The Making of Embrace and Exclusion: Isaiah 53 in the Light of Homecoming After Exile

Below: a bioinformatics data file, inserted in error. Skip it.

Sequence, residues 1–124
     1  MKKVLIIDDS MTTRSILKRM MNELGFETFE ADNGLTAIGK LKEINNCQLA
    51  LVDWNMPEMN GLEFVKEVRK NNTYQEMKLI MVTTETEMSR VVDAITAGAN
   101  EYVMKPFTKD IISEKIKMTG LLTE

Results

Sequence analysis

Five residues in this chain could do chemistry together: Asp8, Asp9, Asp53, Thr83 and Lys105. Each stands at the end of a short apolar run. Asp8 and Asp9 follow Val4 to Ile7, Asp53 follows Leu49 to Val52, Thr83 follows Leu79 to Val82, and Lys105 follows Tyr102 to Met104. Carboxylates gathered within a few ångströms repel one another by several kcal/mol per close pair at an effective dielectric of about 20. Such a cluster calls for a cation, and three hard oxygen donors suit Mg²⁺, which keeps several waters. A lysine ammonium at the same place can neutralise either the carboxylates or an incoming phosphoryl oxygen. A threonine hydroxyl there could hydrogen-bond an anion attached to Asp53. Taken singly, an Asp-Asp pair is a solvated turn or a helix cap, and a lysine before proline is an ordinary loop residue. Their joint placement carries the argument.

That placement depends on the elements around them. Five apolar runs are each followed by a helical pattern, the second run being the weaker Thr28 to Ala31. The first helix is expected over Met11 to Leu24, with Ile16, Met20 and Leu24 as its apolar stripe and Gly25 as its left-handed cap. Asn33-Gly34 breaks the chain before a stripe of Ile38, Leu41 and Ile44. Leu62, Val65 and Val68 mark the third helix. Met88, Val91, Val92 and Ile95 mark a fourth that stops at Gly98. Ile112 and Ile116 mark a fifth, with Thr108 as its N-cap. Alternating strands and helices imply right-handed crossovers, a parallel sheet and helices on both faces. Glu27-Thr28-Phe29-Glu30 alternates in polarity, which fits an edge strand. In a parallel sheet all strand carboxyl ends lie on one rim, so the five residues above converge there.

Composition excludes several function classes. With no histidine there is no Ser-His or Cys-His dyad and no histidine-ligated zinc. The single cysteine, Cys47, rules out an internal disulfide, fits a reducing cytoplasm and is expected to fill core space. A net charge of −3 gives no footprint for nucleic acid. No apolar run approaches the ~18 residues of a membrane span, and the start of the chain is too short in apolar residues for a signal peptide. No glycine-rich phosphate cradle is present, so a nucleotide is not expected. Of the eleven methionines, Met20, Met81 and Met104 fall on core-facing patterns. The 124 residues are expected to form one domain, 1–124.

Abstract: Abstract This study attempts to understand what problem Isa 53 addresses and seeks to answer. The question is asked as an historical question and it is argued that Isa 53 address a specific historical problem, arising out of the conflicts created after the return of those who had gone into exile. At the end of the exile, there was hope that the deported people would return to the land, that the land would be rebuilt, and that Jerusalem would again flourish. This hope is most clearly expressed in Isa 40:1-52:10. However, as time went by, there was a realisation that the envisaged glorious return was in reality a rather limited return, and the joy of receiving those who returned had turned into conflicts, not least regarding the possession of land and the availability of places to live. In this situation someone probably reflected on the message of Isa 40:1-52:10 and sought to understand what had gone wrong. Isa 53 was then inserted as an explanation of how the people in the land, i.e. the "we" should have received those who returned, i.e. the servant. If this embrace had taken place, Mother Zion would have rejoiced, as described in Isa 54. Instead of these pictures painted for us in Isa 53 and 54, we encounter the reality of the conflicts described in Isa 56-66. The interpretation presented in this study is based on a hypothesis that these conflicts emerged between the people in the land and those who returned from exile. These conflicts are analysed with the help of contemporary refugee studies, other texts of the Old Testament, and also relevant passages in Isa 40-55. It is argued that the reconciliation between the "we" and the servant is more important than the aspect of atonement. Furthermore, it is by the confession that the "we"-group opens its arms to embrace the servant. The text is analysed from two major points of view. First, the discussion focuses on how the "we" understand the servant´s suffering, and the perspective includes both their past and their present perceptions. Secondly, three important contexts of Isa 53 are analysed, the literary, the geographical, and the social context in order to offer further support for the interpretation proffered in this study.
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